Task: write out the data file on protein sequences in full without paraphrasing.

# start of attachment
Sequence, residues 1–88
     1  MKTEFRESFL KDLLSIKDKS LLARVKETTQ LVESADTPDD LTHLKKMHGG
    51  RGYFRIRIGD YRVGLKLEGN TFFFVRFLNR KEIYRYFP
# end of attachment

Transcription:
Sequence, residues 1–88
     1  MKTEFRESFL KDLLSIKDKS LLARVKETTQ LVESADTPDD LTHLKKMHGG
    51  RGYFRIRIGD YRVGLKLEGN TFFFVRFLNR KEIYRYFP